It sounds like something out a science fiction movie, but it’s not: The U.S. Army may be well on its way to acquiring a 3,000 strong fleet of battlefield-ready scorpion robots.
The robots in question are the creation of Endeavor Robotics, a leading company in developing and building tactical unmanned ground vehicles. Called the Scorpion, the sub-25-pound robots are small enough to be carried in a backpack. Once removed, they can then be powered up in less than one minute and used for carrying out a variety of tasks, including remotely defusing bombs.
“Once on the ground, Scorpion can travel over rough terrain, up and down inclines, climb stairs, and even operate while submerged,” CEO Sean Bielat told Digital Trends. “It has a unique manipulator arm that can rotate continuously to grasp anything nearby, plus multiple cameras to give its operator various high definition views — [such as] thermal and night-vision — for excellent situational awareness. Scorpion’s gripper provides best-in-class strength for a robot of this weight.”
Another innovative and unique aspect of the Scorpion robot is its lightweight composites body, which can be repaired in the field by soldiers using 3D-printed parts. That means less downtime, resulting in a robot that’s ready for its next mission faster. Its open architecture design, meanwhile, makes it easy to integrate third-party sensors and other devices.
“Scorpion requires a human operator, but does have autonomous capabilities,” Bielat continued. “Its controller includes a number of preset ‘poses’ that the robot will automatically move into with the touch of a button. Additionally, if the robot loses communications during an operation, it can autonomously retro-traverse back the same path to regain communications to keep the soldier up and running. The Scorpion controller also allows the operator to take control of other ground robots, as well as unmanned aircraft, to improve battlefield awareness. We expect Endeavor’s advancing work in autonomy to play a part in future upgrades, which will allow the robot to be even more mission-capable.”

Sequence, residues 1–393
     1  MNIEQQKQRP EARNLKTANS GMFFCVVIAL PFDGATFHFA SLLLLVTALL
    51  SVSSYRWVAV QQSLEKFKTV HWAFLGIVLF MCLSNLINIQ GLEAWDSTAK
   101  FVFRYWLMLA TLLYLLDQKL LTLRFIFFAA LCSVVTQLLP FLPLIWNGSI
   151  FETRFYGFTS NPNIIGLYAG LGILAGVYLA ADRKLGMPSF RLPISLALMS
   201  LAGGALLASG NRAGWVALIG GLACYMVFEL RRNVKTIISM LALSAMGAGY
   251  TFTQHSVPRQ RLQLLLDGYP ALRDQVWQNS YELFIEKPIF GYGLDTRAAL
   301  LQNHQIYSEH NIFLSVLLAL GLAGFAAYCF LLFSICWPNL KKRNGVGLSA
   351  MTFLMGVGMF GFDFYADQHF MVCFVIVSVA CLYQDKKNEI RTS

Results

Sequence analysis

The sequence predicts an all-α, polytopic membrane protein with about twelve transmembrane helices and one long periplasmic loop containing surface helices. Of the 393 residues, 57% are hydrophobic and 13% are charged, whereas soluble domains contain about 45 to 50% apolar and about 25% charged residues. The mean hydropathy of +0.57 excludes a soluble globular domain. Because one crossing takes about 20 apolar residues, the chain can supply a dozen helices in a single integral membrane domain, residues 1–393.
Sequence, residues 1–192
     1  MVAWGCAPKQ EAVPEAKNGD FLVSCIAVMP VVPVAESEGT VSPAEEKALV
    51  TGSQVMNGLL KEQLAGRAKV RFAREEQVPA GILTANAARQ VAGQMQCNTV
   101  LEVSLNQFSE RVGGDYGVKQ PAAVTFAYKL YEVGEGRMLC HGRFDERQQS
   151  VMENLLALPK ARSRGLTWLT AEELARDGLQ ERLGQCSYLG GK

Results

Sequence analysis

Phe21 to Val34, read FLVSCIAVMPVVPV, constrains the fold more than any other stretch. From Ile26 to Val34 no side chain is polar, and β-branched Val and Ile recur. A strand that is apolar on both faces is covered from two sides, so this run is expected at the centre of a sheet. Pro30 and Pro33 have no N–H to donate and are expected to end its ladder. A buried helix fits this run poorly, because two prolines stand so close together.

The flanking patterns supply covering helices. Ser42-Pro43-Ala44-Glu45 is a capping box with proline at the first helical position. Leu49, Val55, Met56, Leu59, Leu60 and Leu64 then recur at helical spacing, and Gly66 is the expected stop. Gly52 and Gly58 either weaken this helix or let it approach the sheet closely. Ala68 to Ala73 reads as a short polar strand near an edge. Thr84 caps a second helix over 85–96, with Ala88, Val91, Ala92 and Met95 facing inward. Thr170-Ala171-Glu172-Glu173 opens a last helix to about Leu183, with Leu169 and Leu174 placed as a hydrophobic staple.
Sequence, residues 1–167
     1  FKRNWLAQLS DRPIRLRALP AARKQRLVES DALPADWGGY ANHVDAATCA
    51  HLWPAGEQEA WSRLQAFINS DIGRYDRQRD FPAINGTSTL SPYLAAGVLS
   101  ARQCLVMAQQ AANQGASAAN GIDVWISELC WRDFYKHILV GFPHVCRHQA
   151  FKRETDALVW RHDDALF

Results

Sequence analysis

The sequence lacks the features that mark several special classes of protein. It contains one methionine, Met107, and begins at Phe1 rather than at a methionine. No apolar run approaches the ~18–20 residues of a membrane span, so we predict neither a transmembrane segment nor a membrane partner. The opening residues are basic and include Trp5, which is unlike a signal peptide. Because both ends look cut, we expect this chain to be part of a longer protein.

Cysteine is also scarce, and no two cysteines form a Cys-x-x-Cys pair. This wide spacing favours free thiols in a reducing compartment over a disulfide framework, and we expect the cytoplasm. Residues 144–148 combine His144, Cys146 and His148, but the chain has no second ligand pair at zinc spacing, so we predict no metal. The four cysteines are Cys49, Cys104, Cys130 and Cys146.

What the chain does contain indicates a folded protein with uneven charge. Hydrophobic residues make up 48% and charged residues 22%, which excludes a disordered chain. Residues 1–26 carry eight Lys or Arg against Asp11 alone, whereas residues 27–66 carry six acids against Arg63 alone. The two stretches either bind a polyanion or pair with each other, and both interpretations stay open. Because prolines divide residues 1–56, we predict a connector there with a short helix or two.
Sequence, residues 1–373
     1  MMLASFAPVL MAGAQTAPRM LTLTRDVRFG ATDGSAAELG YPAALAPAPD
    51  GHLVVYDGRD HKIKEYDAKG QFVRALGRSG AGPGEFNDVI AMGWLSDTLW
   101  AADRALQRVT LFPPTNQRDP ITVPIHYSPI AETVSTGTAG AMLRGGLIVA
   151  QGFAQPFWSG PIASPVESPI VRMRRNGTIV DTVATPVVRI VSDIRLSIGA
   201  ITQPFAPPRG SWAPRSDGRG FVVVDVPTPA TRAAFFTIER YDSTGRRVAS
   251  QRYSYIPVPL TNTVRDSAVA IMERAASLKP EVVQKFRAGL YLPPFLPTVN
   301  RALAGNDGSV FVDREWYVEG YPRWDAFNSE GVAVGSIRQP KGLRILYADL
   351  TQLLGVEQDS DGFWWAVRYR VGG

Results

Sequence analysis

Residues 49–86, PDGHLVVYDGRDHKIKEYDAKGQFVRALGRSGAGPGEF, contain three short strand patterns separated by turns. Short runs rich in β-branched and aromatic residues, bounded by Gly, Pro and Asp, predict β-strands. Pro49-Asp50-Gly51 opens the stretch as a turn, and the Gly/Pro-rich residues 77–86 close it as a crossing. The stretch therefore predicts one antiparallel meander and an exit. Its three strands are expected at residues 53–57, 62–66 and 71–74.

So with all of these qualities, why the doubt about whether the U.S. Army will acquire Endeavor’s creation? The reason is because it’s competing against other robots also hoping to net the $429 million government deal. An announcement from the Army’s Common Robotic System-Individual (CRS-I) program is expected in early 2019. Whichever company winds up scoring the contract, we’re expecting to see something pretty innovative. And, hopefully, life-saving.
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